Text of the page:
Effects of age and environment on locomotor performance in adult Drosophila melanogaster
Drosophila melanogaster has been an attractive animal model for more than 100 years. Our laboratory has established a high-throughput assay for fly locomotion in a circular arena. Fly locomotor activity involves the interaction between the environment and internal physiological characteristics, including age. Behaviors such as walking, feeding and resting are age-specific, however, how age affects the fly locomotion and whether such changes are strain specific is unclear. Environmental effects such as variation in temperature and humidity also affect locomotor performance. However, the effects on locomotion of long-term environmental change such as the pulsed light stimulation, or the short-term environmental change such as acute hypoxia, are unknown. For my thesis, I investigated the effect of age on locomotor performance by examining boundary preference, path length per minute and 0.2 s path increment during locomotion in small circular arenas, and the speed of locomotor recovery from anoxia. My results show that locomotor performance depended on age, and such age-dependent changes differed between fly strains. I also studied the effect of pulsed light stimulation on locomotor activity and extracellular electrical activity in the brain. This stimulus increased boundary preference and the distance travelled in a circular arena, as well as the periodicity of episodic motor activity. In addition, I examined locomotor responses to hypoxia and the role of CNGL channel in these responses. Hypoxia and re-oxygenation modulated locomotor performance, and flies with down-regulation of CNGL showed reduced locomotion under normoxia, reduced recovery from hypoxia, and reduced basal level of CNS extracellular K+ concentrations. In response to hypoxia, down-regulation of CNGL increased extracellular K+ concentration change, reduced time to reach the K+ concentration peak, and delayed time to recover from hypoxia. Upregulation of cGMP partially compensated for the changes in locomotor activity and electrophysiological alterations in response to hypoxia. Taken together, age and environmental stimuli affect fly locomotor performance, and CNGL channels are involved in modulating locomotion and CNS function in response to hypoxia in adult Drosophila.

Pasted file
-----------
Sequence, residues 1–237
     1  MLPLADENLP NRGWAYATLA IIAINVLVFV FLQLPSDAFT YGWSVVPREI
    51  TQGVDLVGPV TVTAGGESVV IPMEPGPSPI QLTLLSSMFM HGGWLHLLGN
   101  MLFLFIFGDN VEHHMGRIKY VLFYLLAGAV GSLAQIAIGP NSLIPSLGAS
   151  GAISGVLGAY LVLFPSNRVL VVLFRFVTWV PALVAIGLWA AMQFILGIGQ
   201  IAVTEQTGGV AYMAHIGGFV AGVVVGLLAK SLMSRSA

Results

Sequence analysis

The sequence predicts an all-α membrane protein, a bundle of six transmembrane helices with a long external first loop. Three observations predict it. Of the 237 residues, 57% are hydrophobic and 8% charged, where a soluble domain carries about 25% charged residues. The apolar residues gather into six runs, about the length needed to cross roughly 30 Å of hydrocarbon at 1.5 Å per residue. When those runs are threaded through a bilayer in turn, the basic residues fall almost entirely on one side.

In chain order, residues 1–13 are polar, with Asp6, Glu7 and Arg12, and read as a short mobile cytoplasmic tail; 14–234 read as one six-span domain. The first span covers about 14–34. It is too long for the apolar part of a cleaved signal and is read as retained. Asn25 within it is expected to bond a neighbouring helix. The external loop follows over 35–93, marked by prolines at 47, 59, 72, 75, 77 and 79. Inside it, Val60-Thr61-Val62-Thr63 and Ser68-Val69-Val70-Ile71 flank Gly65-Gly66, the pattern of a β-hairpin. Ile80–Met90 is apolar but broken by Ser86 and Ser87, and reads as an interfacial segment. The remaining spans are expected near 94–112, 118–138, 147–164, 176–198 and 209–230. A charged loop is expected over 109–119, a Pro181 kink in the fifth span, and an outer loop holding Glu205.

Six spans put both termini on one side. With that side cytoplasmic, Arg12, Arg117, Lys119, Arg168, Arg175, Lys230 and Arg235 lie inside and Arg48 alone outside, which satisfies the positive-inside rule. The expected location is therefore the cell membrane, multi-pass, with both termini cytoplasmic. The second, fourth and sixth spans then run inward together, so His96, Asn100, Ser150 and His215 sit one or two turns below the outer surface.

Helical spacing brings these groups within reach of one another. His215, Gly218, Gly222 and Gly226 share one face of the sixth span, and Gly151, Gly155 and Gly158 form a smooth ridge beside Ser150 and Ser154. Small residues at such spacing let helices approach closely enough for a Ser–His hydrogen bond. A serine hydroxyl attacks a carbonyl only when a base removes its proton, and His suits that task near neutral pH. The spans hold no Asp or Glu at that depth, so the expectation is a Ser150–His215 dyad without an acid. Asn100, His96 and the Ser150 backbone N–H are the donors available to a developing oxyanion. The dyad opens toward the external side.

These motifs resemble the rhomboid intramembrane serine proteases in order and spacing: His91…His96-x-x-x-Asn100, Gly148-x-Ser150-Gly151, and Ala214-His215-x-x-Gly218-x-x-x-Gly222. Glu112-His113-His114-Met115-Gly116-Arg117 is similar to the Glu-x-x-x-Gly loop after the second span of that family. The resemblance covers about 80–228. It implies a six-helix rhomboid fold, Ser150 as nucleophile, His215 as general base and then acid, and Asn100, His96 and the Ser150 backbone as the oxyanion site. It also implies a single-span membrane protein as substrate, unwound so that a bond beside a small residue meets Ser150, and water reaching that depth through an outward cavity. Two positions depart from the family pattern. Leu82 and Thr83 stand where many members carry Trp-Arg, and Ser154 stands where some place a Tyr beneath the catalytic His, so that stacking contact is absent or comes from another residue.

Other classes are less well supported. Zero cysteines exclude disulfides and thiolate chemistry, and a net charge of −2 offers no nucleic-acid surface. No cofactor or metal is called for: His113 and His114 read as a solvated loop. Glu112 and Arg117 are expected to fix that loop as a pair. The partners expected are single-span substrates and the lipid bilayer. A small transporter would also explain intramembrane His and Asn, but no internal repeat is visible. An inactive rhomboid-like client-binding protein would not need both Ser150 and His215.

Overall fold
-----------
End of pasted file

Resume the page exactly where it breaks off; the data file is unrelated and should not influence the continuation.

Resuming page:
URI for this recordhttp://hdl.handle.net/1974/15943
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